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  By Edwin Arnold

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Mahabharata of Krishna-Dwaipayana Vyasa
translated by Kisari Mohan Ganguli

Mahabharata of Vyasa (Badarayana, krishna-dwaipayana) translated by Kisari Mohan Ganguli is perhaps the most complete translation available in public domain. Mahabharata is the most popular scripture of Hindus and Mahabharata is considered as the fifth veda. We hope this translation is helping you.

Section CXXXV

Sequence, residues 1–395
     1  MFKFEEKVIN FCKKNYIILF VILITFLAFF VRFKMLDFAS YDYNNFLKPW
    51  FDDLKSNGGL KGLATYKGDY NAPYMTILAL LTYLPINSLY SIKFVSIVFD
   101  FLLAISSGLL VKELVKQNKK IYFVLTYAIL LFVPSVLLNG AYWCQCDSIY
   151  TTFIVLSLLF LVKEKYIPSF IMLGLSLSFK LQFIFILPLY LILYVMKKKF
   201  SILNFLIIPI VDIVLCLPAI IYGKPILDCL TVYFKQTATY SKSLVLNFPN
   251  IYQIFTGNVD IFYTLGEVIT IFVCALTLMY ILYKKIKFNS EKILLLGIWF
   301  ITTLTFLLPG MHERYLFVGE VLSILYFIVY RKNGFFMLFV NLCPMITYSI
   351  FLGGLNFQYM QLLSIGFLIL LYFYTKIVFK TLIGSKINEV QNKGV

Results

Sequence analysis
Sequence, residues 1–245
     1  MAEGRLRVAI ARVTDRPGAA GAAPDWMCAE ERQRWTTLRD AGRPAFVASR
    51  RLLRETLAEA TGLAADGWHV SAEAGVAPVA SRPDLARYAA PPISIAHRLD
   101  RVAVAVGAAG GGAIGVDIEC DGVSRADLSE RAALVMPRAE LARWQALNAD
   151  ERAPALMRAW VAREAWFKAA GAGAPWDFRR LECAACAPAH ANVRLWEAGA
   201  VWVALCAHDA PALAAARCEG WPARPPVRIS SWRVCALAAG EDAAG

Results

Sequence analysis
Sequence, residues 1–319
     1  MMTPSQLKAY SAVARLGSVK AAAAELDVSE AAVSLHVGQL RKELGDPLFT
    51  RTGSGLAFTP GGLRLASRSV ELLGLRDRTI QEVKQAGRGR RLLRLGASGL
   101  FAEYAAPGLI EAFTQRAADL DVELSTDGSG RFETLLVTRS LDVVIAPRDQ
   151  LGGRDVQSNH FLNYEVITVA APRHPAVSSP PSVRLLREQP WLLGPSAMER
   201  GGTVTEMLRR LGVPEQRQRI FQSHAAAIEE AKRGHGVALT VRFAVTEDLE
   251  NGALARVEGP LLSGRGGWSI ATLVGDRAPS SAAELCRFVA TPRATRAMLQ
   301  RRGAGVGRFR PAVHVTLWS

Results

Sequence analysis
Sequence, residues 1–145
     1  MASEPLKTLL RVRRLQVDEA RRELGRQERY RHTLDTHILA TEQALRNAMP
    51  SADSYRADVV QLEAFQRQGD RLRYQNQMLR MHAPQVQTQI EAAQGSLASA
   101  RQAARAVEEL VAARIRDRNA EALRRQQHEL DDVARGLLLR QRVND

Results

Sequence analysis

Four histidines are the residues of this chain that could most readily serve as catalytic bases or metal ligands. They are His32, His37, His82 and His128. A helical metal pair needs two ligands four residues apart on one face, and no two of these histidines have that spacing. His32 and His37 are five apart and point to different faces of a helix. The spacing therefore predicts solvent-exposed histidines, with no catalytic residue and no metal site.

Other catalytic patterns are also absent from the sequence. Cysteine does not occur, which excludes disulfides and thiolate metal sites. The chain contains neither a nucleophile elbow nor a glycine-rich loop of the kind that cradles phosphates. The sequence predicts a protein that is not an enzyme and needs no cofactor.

"Sanjaya said, 'Beholding thy sons lying (on the field), Karna of great prowess filled with great wrath, became hopeless about his life. And Adhiratha's son regarded himself guilty, seeing thy sons slain before his eyes in battle by Bhima. Then Bhimasena, recollecting the wrongs formerly inflicted by Karna, became filled with rage and began with deliberate care to pierce Karna with many keen arrows. Then Karna, piercing Bhima with five arrows, smiling the while, once more pierced him with seventy arrows, equipped with golden wings and whetted on stone. Disregarding these shafts shot by Karna, Vrikodara pierced the son of Radha in that battle with a hundred straight shafts. And once more, piercing him in his vitals with five keen arrows, Bhima, O sire, cut off with a broad-headed arrow the bow of the Suta's son. The cheerless Karna then, O Bharata, taking up another bow shrouded Bhimasena on all sides with his arrows. Then Bhima, slaying Karna's steeds and charioteer, laughed a laugh, having thus counteracted Karna's feats. Then that bull amongst men, viz., Bhima, cut off with his arrows the bow of Karna. That bow, O king, of loud twang, and the back of whose staff was decked with gold, fell down (from his hand). Then the mighty car-warrior Karna alighted from his car and taking up a mace in that battle wrathfully hurled it at Bhima. Beholding that mace, O king, impetuously